The most common echinoderm there was probably this black sea cucumber (Holothuria leucospilota), which was all over place, especially under rocks. This one was out in a tidal pool, spreading out their branching tentacles to feed on detritus.

Another common resident in this rocky area was this branching anemone, Phymanthus sp.

We also found two lovely Pseudobiceros uniarborensis flatworms. They move and swim by undulating the sides of their body as shown here.

What I initially thought was a mud crab turned out to be a spotted belly crab (Ozius guttatus) because of its polka dotted underside. Just like its cousin, it is also armed with powerful crushing pincers to feed on shelled molluscs.

RY found this small Black Spined Sea Urchin (Diadema setosum). The orange 'eye' on the centre is actually the anal hole for waste disposal!

We also found several Giant Top Shells (Trochus niloticus) hiding between the rocks. These huge snails were collected for food and when polished, their beautiful shells are used for ornamental purposes and for making buttons.

Diamond Wrasse (Halichoeres dussumieri) has a thick lip which hides a extendable jaw that can jut outwards for feeding purposes.

Here is a pretty calcareous red algae (Tricleocarpa sp.), among the many species of seaweeds that can be found in this area.

Alectryonella plicatula
I saw this pair of intricately designed oysters, Alectryonella plicatula. According to our molluscs expert SK, this is one species that can be eaten.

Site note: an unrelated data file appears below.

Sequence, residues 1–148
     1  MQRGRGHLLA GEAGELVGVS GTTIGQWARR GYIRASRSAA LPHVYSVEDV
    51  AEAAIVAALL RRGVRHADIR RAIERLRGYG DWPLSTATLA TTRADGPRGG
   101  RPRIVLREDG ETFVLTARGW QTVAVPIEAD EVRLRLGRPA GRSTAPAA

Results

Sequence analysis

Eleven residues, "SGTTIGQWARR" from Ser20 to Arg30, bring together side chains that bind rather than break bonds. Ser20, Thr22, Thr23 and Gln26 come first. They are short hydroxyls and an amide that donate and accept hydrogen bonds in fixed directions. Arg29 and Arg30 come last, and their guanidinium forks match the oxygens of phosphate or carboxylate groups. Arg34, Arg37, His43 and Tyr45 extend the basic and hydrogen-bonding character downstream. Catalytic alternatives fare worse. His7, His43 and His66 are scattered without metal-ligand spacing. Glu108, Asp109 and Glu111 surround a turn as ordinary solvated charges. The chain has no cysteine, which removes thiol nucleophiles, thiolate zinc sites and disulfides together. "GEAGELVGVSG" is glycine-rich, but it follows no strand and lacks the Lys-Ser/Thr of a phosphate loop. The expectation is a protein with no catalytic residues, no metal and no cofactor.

Thursday, April 9, 2009

Semakau Walk 9 April

Today, we had a short exclusive intertidal walk with some journalists from the Asian Journalism Fellowship.

The tide was still high when I reached the intertidal to hunterseek. Two great billed herons (Ardea sumatrana) were feeding at the seagrass lagoon and one spread out its magnificant wings and flew off as I approached.

It has been awhile since I last saw a blue spotted fan tailed ray (Taeniura lymma). This stingray, upon seeing me, quickly buried itself under the sand. You can still see the outline of its body on the left side of the photo.

I found this swimming crab that have an extremely soft shell! It must have just newly moulted.

This snail is one of our favourite local seafood delicacy, the Gong Gong (Laevistrombus canarium).

The anemone shrimp (Periclimenes brevicarpalis) makes its home on the sea anemone, scavenging on any food on this cnidarian. It is even known to nibble of their tentacles if they go hungry!

Male fiddler crabs have a very much enlarged pincer for attracting their opposite sex and fighting. Notice how big this porcelain fiddler crab's (Uca annulipes) pincer is compared to the left pincer which is used for feeding.

Last but not least, the synaptid sea cucumber extend its feeding tentacles to filter off any suspended food at the seagrass meadow.

Later in the evening, Swee Cheng from TMSI gave an enlightening lecture about sponges for the Project Semakau volunteers. His BP book on Singapore sponges will be out soon this month so watch out for it!